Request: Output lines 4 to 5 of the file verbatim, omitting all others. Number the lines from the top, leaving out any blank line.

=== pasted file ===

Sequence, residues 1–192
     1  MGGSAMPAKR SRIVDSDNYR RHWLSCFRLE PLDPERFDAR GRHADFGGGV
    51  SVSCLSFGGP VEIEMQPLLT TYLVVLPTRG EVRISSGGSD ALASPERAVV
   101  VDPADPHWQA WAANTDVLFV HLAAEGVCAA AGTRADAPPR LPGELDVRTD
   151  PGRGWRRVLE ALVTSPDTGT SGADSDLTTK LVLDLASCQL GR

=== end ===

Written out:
   101  VDPADPHWQA WAANTDVLFV HLAAEGVCAA AGTRADAPPR LPGELDVRTD
   151  PGRGWRRVLE ALVTSPDTGT SGADSDLTTK LVLDLASCQL GR